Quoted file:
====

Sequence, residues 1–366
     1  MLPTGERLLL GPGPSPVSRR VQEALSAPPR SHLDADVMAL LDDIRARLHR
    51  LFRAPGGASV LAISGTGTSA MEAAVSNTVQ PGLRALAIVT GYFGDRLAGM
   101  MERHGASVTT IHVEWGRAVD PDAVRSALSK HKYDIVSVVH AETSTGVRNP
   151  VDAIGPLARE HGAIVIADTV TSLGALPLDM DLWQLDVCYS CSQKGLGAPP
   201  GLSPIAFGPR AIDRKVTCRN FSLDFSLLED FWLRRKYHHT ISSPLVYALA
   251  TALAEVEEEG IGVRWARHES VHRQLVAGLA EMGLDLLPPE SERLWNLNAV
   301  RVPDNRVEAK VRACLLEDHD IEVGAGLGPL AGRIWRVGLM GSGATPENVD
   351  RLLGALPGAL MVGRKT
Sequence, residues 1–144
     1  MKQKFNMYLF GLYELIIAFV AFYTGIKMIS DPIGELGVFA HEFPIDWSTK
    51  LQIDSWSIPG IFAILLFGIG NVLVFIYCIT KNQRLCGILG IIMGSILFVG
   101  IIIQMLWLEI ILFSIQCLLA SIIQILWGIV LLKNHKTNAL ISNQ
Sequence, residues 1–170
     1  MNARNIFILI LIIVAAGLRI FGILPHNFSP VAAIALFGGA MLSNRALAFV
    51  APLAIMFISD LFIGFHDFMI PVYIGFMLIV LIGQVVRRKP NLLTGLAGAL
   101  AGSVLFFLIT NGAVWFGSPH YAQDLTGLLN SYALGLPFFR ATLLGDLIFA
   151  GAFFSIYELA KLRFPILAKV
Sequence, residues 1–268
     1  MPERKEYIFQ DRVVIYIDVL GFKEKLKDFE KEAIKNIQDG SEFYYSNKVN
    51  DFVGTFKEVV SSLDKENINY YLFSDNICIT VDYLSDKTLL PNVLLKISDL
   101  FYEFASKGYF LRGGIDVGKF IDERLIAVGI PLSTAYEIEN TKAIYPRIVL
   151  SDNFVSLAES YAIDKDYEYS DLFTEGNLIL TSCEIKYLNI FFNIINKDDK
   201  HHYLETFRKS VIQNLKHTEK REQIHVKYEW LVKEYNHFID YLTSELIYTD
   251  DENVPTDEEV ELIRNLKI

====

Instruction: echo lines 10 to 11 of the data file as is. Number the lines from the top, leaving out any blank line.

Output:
Sequence, residues 1–144
     1  MKQKFNMYLF GLYELIIAFV AFYTGIKMIS DPIGELGVFA HEFPIDWSTK